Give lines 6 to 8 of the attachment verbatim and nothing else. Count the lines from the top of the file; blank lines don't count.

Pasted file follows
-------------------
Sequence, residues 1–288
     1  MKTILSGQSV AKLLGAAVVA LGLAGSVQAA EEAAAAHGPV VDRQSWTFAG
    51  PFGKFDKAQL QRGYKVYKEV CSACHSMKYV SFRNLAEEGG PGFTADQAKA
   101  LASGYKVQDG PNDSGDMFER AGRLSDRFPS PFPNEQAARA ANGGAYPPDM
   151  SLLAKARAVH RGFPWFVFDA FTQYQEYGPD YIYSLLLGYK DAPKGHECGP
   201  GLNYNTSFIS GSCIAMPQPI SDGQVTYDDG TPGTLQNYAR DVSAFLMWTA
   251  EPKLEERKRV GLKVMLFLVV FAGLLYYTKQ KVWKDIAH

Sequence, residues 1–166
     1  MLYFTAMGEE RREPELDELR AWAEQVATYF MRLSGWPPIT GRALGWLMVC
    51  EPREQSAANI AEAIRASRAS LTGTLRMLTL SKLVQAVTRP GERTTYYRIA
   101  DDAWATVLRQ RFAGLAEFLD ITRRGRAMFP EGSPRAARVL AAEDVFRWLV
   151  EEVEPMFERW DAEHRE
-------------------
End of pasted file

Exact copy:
   201  GLNYNTSFIS GSCIAMPQPI SDGQVTYDDG TPGTLQNYAR DVSAFLMWTA
   251  EPKLEERKRV GLKVMLFLVV FAGLLYYTKQ KVWKDIAH

Sequence, residues 1–166